Tri-City Ledger -

By Joe Thomas
Ledger Editor 

New courthouse in Escambia County?

Commissioners weighing options on needed repairs to Brewton courthouse; $13 million to build new one


July 5, 2018

Damage to the Escambia County Courthouse in Brewton in December, 2015, from a broken heating and cooling line has led to the discovery of more issues that now has the county commission looking at options that include building a new $13 million courthouse.

During an administrative workshop Tuesday Commission Chairman Raymond Wiggins said the courthouse has major issues, which is complicated by asbestos throughout the building.

Due to the damage caused by the broken pipe in 2015 the commission contracted with DAG Architects of Florida, which has an office in Pensacola. Dave Luttrell, Jack Baker and Joe Jones from DAG attended Tuesday's meeting.

Wiggins said people in the courthouse were asking for updates on the repairs and there were health concerns over the asbestos. He said he did a walk through on June 1 and said he was amazed at the damage he saw that was not related to the broken pipe.

He said he called Luttrell back in early June to make a reassessment of the damage to the courthouse that also includes a leaking roof that was replaced about five years ago.

Members of DAG did a complete walk through on June 6 and sent a letter to County Administrator Tony Sanks dated June 13 outlining the damage found and estimated costs to repair.

“It's overwhelming when you see the results,” Wiggins told the commission. “The dollars are astronomical. It's money we don't have, there's asbestos in the ceiling, floor and walls and there's also mold in the building.”

Wiggins said there are leaks throughout the piping system as well as leaks in the five-year old roof. Wiggins noted that the county had a two-year workmanship warranty on the roof, which has expired.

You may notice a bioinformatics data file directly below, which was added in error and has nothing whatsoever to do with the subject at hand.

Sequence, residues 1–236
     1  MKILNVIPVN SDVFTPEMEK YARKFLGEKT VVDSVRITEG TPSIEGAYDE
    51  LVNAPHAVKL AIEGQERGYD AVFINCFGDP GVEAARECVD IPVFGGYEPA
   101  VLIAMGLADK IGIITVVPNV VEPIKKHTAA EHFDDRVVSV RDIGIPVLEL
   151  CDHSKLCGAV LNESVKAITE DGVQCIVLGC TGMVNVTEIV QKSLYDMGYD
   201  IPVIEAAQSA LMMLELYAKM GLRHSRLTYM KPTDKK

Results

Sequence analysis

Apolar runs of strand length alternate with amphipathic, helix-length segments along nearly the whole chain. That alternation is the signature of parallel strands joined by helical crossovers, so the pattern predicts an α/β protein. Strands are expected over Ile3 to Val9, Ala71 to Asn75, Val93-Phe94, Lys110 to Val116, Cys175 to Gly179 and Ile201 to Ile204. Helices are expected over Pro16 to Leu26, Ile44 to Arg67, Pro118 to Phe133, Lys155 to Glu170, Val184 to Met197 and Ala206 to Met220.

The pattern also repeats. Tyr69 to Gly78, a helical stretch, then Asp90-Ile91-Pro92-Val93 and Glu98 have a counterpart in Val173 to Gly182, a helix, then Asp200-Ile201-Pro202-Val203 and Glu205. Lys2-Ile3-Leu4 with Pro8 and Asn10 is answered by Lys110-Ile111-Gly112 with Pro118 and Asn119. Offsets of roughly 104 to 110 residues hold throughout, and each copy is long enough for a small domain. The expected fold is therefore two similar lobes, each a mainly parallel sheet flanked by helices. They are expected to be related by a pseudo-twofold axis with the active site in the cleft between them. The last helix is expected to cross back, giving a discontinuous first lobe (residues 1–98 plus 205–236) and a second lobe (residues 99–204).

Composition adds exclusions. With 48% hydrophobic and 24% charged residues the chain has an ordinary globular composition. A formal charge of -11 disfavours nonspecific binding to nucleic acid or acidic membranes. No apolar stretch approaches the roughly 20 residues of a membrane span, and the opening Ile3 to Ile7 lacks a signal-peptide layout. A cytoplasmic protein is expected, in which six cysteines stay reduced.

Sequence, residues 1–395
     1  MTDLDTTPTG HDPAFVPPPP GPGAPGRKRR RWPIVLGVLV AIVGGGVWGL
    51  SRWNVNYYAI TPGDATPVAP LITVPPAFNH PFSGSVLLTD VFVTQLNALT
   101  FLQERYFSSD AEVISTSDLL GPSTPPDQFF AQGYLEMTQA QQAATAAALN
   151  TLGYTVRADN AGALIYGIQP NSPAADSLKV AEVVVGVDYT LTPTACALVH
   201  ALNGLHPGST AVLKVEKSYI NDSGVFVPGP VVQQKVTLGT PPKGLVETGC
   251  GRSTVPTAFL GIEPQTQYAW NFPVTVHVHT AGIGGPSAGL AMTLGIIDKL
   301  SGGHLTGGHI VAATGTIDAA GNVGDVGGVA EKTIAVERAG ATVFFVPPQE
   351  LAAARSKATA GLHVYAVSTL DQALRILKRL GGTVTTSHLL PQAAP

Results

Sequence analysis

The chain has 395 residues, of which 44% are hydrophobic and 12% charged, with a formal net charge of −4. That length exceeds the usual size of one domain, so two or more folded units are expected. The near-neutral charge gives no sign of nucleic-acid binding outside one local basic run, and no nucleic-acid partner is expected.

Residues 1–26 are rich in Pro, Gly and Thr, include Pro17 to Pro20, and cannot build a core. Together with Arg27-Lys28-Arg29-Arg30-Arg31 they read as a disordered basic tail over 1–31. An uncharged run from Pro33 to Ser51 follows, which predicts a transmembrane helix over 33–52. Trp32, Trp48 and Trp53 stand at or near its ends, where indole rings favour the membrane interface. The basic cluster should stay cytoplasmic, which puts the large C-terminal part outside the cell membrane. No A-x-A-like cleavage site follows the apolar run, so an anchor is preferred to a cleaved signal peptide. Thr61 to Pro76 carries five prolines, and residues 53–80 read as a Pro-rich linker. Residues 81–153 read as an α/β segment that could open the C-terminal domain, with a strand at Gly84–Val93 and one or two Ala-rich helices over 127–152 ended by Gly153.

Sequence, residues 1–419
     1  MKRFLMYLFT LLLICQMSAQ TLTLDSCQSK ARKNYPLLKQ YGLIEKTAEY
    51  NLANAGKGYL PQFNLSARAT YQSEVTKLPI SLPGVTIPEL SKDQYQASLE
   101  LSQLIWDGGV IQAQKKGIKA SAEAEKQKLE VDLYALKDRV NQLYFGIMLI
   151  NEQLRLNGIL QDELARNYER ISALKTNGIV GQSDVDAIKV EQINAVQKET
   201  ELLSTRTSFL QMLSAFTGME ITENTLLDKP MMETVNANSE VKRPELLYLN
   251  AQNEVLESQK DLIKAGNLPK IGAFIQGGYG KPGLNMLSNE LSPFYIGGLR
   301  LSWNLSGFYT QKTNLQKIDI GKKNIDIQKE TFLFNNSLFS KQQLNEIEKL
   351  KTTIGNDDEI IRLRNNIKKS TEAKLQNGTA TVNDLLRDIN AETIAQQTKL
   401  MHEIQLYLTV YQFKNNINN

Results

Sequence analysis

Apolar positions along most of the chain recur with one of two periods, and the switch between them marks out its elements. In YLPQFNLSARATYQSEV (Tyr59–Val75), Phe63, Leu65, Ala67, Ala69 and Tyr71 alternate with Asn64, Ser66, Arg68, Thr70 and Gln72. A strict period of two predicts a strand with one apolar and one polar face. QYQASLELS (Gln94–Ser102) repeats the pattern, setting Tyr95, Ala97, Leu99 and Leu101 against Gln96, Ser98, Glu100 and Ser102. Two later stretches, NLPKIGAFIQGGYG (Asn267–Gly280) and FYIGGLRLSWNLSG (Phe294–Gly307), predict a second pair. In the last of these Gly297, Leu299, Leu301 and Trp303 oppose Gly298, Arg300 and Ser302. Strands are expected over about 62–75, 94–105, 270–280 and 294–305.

A total renovation of the courthouse is estimated at $10.2 million and $13 million to build a new courthouse at the same 44,000 square feet.

“Personally, I don't want to do either one,” Wiggins said. “But we have to do something to create a safe working environment. We can come in and fix what was damaged, but that would be a bandaid only. We'll have to deal with the problem again.”

Wiggins also said there are issues at the jail as that include overcrowding with twice as many inmates as the jail was designed for. He also said commissioners get calls every day about pot holes.

“There are so many needs, but not enough money,” Wiggins said. “But we have to do something on this issue.”

Wiggins also said he has a stack of letters concerning the American Disability Act requirements saying it will cost $400,000 to $500,000 to just bring the courthouse into ADA compliance.

Luttrell told the commission that they were there to help the commission make an informed decision.

He also said it was 'eye opening' when he looked at the entire building.

Commissioners David Stokes and Larry White, who both own insurance companies, said there was no way the commission should be addressing roof issues after only five years. Despite the warranty on the workmanship, both felt the contractor is still liable.

Luttrell noted the courthouse was built in 1959 for one judge, noting the county now has three judges and three staffs.

He said the first step needs to be an extensive interview with department heads to determine the needs of each office in terms of space. He said the cost of the needs assessment would be between $20,000 and $25,000. Luttrell also said the information gathered would be used whether the commission opted for renovation or new construction.

He said if it is renovation, it would be done one floor at a time and the offices on those floors would have to be vacated for six to eight months. He said it would take about two years to get the building back to a good safe environment.


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